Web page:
During our last office visit a couple of months ago, the infectious disease specialist I am now seeing repeatedly referred to “The Guidelines”, as if they were some kind of Holy Grail for treating her patients. The guidelines she was referring to are actually several documents, published by the U.S. Department of Health and Human Services (HHS), that tell doctors when and how to treat HIV-positive patients with pharmaceutical antiretroviral drugs (ARVs).
Despite being published and sanctioned by a government agency, The Guidelines are actually established by a 38-member panel of “experts”, more than half of whom acknowledge direct financial ties to pharmaceutical companies. A quick Google search reveals that at least some, and perhaps most of those reporting “none” on their financial disclosure are employed by governmental agencies, universities or major medical centers with close financial ties to Pharma. Since the link to these disclosures on the NIH website is broken as I write this, making the financial disclosure pages hard to find, I’ve taken the liberty of posting them here.
The latest guidelines for adults and adolescents were updated March 27, 2012, and the biggest change made was to recommend ARVs for everyone who tests HIV-positive, regardless of CD4 count, or general health, despite the fact that many HIV-positive people remain healthy for years, decades, and possibly their entire lives. This harkens back to an earlier era, when the first protease inhibitor drugs were coming to market, reversing late stage illnesses in some severely ill patients and resulting in a new AIDSpeak term, the “Lazarus Effect“. It is a replay of at least two earlier versions of “hit hard, hit early“, and there’s no reason to believe it will not ultimately be seen as a mistake, as was the case in its earlier incarnations.
The most obvious problem with the concept, is the difficulty of trying to manage long-term toxicity and adverse effects from the drugs. Pharmaceutical companies have made some changes, such as reducing dosages, and downgrading the roles of the harshest of the drugs, while continuing to insist that combination therapy is necessary to avoid resistance. That this repacking of old products as new options also happen to extend patent rights, and therefore profits, is not incidental.
Long term adverse effects cannot be determined in 48-week clinical trials, and lowering doses does help reduce the most obvious signs of toxicity. What has not yet been closely studied are the cumulative effects of long-term (read: lifetime) use of combination drug “cocktails”, but it doesn’t take a genius to figure out that they are bound to occur, as the AIDS drug guidelines are now promoting AIDS drugs even to sexually active, young gay men as prophylaxis. How can such a policy co-exist with the notion that the HI-virus is susceptible to resistance and mutations when confronted with these drugs?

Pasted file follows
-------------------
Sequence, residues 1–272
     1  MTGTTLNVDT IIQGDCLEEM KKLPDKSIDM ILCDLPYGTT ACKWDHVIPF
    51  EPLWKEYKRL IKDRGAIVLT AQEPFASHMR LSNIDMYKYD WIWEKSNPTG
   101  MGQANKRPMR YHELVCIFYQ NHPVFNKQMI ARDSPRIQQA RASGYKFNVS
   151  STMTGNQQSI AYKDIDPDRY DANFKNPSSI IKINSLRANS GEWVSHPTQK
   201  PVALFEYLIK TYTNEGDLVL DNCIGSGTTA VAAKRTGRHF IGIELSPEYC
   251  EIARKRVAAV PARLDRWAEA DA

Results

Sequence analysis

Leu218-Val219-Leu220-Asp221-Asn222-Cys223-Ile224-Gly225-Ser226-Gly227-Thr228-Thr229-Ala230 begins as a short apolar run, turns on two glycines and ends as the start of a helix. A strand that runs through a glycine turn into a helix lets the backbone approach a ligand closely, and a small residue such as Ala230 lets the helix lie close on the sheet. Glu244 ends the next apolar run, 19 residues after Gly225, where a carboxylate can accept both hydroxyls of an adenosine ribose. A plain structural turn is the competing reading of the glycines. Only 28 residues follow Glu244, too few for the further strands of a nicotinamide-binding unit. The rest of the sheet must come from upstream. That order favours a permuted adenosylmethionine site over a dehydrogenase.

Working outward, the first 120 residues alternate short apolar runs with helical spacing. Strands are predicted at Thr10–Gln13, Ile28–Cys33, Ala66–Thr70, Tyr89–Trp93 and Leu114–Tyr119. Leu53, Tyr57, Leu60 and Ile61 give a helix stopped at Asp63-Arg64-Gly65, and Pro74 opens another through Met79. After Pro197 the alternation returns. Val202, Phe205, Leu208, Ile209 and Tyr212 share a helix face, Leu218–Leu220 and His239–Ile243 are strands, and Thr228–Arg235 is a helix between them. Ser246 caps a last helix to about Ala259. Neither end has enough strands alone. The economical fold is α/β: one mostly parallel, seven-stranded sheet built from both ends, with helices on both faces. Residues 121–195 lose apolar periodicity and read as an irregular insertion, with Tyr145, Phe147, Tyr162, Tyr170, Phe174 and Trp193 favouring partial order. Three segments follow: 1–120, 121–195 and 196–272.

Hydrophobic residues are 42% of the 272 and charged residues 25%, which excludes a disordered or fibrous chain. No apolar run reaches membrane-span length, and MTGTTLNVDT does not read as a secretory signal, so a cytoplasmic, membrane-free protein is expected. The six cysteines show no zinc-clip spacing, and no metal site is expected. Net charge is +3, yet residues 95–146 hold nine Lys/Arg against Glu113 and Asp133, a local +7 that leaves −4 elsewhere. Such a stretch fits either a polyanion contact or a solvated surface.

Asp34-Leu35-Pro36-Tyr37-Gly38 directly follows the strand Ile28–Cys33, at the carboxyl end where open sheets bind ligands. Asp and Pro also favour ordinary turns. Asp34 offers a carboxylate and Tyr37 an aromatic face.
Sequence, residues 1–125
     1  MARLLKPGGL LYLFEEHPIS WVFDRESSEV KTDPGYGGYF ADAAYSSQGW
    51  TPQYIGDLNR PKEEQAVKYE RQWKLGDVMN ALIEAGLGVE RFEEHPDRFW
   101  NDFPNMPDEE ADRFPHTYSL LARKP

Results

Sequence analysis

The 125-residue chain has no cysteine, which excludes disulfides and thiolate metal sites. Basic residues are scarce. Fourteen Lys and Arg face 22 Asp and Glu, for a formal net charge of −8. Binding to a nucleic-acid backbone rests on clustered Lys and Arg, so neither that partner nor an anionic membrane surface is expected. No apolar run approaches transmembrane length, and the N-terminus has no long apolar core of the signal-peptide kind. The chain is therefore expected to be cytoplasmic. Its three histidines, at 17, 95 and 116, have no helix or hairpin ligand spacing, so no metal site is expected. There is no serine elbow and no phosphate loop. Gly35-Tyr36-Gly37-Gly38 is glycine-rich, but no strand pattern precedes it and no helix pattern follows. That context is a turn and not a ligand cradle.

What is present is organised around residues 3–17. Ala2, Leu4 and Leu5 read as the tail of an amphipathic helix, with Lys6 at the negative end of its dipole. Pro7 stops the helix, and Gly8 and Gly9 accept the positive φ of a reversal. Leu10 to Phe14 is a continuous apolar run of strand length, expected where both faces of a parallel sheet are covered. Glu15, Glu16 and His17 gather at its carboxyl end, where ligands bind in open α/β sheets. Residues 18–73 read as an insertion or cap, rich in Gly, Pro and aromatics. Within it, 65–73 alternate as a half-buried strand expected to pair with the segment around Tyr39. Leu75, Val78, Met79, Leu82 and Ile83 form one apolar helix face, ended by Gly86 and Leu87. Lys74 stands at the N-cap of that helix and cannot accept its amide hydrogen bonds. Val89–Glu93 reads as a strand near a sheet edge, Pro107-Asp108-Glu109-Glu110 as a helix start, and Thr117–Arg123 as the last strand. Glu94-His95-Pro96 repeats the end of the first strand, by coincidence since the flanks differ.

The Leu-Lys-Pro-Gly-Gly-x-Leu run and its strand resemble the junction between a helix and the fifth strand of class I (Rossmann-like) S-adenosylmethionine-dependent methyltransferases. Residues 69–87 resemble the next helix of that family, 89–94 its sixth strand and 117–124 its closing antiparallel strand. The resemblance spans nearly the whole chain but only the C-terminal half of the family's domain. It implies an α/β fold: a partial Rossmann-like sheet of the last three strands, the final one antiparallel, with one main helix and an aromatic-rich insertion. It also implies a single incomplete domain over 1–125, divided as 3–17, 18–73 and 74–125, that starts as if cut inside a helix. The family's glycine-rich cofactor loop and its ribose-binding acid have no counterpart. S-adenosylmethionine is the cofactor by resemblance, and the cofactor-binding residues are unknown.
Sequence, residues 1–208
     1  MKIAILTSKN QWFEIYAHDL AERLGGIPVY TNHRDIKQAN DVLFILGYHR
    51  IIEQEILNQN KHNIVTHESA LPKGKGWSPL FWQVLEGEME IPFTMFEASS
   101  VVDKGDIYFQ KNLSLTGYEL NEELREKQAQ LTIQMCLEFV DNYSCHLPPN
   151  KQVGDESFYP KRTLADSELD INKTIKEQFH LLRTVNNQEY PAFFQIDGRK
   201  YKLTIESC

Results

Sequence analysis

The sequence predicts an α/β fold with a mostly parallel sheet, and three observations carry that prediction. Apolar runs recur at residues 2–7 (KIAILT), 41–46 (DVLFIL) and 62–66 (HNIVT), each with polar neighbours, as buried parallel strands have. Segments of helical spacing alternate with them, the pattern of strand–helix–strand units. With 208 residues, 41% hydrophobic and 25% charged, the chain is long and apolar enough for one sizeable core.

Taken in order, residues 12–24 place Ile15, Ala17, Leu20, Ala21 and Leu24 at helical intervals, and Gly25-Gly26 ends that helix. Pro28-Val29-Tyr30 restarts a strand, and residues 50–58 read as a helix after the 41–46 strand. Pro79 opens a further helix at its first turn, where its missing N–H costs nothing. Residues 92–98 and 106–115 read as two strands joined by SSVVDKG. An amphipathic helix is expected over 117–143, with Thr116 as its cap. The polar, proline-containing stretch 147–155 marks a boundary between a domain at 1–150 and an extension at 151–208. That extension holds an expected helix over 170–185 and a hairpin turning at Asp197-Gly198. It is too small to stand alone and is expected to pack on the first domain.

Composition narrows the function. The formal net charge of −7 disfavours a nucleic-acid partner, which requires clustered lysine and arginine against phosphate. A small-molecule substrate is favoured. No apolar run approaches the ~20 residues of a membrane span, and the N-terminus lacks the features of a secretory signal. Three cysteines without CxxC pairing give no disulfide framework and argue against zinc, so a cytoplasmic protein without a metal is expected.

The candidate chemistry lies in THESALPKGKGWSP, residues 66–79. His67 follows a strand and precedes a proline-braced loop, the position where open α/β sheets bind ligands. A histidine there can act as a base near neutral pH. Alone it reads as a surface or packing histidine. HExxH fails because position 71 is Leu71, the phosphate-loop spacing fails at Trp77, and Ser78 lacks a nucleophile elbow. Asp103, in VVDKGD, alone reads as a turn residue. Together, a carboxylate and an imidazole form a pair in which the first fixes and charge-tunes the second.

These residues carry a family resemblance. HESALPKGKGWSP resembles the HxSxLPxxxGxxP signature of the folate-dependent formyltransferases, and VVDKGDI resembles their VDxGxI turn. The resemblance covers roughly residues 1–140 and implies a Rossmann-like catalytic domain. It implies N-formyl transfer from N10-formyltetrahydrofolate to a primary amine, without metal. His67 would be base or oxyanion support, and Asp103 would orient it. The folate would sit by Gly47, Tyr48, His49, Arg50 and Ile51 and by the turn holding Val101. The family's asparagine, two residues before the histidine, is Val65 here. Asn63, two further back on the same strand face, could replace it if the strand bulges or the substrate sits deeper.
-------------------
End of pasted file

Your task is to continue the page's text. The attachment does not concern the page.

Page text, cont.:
Consider also that healthy people are far more capable of metabolizing the drugs for a longer period of time and with fewer obvious adverse effects, than someone who is already sick, or has been repeatedly ill, or exposed to pathogens and treated with multiple courses of antibiotics and other drugs, as was the case with early AIDS patients. The inevitable alarming studies and reports on long-term adverse effects and toxicity can thus be delayed and diluted by introducing this healthy cohort into the puzzle.
There are other guidelines for pregnant women, children, and older Affecteds, as well as guidelines from organizations like the World Health Organization and The International Antiviral Society–USA (IAS-USA). Regardless of the official source, nearly all of the data supporting these official pronouncements are from research conducted by the manufacturers of the ARVs.
The Panel’s recommendations are primarily based on clinical trial data published in peer-reviewed journals and data prepared by manufacturers for Food and Drug Administration (FDA) review.
Like so much of AIDS research, treatment guidelines must be considered with a skeptic’s eye. It is important to be mindful, for example, that the trials used to arrive at these recommendations do not include information about actual progression to disease or death, but are solely concerned with controversial surrogate markers, primarily PCR RNA, or so-called “viral load”.
Few of these trials include clinical endpoints, such as development of AIDS-defining illness or death. Thus, assessment of regimen efficacy and potency is primarily based on surrogate marker endpoints (HIV RNA and CD4 responses).
The dilemma: What do ARVs really do?